This is where children’s shows certainly do more than simply entertain, both in Paw Patrol and in other children’s programming. To bring in another show, it matters, for instance, that in the world of Thomas and Friends trains that are designated not to be “useful” (the guiding virtue within the show) are occasionally relegated to a fenced-off yard separate from all other trains. Some trains even worry that they might be broken down into scrap metal if they are not viewed as useful. These observations are important even if the show does not make much of these details aside from depicting them. One does not have to think too hard to see Thomas’s logic of “usefulness” permeating all of society. To return to Paw Patrol, it matters then that a police pup has acquired spy gear and a drone, even if this device is not used as a weapon.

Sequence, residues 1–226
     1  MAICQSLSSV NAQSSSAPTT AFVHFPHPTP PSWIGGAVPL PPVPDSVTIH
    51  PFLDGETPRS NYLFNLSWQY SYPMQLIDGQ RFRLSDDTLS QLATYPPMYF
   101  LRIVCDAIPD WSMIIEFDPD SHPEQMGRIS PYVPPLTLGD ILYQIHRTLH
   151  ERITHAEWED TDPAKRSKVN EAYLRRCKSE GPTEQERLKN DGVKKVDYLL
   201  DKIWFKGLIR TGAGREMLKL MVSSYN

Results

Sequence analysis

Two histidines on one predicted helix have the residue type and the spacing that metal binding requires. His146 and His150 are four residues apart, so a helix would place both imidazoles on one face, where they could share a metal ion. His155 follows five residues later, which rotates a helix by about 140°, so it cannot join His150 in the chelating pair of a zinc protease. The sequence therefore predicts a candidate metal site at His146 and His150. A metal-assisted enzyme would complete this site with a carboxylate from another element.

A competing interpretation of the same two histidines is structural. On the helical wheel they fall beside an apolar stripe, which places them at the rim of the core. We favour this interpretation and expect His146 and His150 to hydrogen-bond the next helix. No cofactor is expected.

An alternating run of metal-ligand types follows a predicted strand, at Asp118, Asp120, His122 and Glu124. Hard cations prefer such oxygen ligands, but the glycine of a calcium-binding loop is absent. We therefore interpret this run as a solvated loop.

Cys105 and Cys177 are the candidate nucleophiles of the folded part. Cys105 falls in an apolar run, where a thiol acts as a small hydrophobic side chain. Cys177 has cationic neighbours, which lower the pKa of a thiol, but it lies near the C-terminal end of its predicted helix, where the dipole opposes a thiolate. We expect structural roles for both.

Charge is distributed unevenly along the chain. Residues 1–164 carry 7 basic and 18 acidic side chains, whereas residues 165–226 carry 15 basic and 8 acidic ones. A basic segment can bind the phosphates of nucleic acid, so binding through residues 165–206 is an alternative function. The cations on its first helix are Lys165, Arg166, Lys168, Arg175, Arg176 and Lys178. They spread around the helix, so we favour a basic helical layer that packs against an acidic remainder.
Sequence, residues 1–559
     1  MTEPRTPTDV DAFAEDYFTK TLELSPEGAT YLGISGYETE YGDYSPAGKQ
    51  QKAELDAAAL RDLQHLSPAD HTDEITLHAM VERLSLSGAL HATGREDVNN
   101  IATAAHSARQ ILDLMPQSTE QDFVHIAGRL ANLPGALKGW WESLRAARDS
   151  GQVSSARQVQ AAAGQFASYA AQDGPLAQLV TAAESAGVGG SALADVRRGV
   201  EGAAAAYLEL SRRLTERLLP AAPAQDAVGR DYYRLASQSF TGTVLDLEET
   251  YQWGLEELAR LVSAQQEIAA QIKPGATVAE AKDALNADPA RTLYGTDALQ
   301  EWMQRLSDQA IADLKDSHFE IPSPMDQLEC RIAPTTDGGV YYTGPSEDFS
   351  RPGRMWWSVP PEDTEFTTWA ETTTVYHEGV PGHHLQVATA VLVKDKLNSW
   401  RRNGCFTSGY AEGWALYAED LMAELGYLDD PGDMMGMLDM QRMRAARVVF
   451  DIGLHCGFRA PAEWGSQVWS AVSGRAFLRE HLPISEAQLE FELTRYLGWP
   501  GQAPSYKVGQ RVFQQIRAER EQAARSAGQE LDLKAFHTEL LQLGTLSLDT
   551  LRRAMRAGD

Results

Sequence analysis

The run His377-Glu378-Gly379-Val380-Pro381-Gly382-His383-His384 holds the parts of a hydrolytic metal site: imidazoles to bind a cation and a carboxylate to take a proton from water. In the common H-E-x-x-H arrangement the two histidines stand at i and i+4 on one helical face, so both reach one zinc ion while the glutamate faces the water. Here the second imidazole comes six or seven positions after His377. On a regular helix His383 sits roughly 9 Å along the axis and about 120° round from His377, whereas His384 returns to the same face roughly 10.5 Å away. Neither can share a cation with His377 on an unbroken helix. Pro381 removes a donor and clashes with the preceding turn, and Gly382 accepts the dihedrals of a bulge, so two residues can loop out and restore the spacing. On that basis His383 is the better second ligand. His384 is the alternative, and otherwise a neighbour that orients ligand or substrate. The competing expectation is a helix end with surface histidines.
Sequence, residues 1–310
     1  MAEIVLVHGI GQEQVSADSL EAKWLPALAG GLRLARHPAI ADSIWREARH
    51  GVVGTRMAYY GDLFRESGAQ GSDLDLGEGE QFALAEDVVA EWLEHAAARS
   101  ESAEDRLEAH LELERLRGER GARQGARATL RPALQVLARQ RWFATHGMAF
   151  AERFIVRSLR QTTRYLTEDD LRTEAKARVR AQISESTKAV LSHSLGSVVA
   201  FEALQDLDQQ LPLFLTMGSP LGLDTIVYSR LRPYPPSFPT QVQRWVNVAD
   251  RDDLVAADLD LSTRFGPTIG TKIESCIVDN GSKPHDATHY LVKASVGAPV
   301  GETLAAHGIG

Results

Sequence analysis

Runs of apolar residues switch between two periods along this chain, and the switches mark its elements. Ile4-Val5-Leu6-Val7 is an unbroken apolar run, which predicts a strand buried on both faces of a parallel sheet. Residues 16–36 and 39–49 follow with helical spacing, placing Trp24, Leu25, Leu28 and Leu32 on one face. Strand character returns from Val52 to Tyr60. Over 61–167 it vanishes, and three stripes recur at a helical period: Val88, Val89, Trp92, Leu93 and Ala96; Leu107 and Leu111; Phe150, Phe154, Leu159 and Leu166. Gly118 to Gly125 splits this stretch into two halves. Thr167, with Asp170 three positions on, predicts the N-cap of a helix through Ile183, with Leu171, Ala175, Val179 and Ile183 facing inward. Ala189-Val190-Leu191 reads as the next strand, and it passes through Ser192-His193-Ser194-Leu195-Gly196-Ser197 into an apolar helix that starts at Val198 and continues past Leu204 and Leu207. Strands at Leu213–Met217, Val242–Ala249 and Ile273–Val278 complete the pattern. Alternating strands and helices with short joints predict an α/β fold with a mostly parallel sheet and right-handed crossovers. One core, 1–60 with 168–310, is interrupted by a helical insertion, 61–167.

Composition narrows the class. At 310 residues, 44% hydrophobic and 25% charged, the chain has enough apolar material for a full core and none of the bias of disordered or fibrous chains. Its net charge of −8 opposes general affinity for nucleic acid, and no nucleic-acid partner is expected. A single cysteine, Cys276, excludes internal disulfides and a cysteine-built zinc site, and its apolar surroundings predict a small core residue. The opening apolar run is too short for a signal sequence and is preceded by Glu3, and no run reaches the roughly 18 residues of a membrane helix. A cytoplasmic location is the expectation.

The children who watch Paw Patrol (trust me on this one) describe the drone as part of the assistance that Chase provides; it is not a dangerous tool that this pup wields. In fact, Chase has used the drone to find people and pups who are lost. To the untrained eye, his drone is no more dangerous than the drones sold as toys in consumer electronic stores.
And yet, drones are not simply ideas or even objects without meaning. Instead, they are objects with tremendous power and weight in our world, and for many people, they are not helpful. In fact, they are terrifying precisely because they find people. In places such as Yemen, Pakistan, Afghanistan, Somalia, and even along the U.S.-Mexico border, these devices are a constant presence, patrolling the skies and exercising force whenever requested. These drones form imaginations as well, but not like any children’s show. This alternate formation changes how residents of these regions see and inhabit the world.
It is certainly true that the missiles remotely fired from these devices in the sky endanger far more than those who are targeted. According to one report in late 2014, drone strikes killed 2800% more people than those targeted. This is a serious concern, but there is also the psychological shaping of the perceived constant presence of drones above one’s head, and it is beyond disturbing.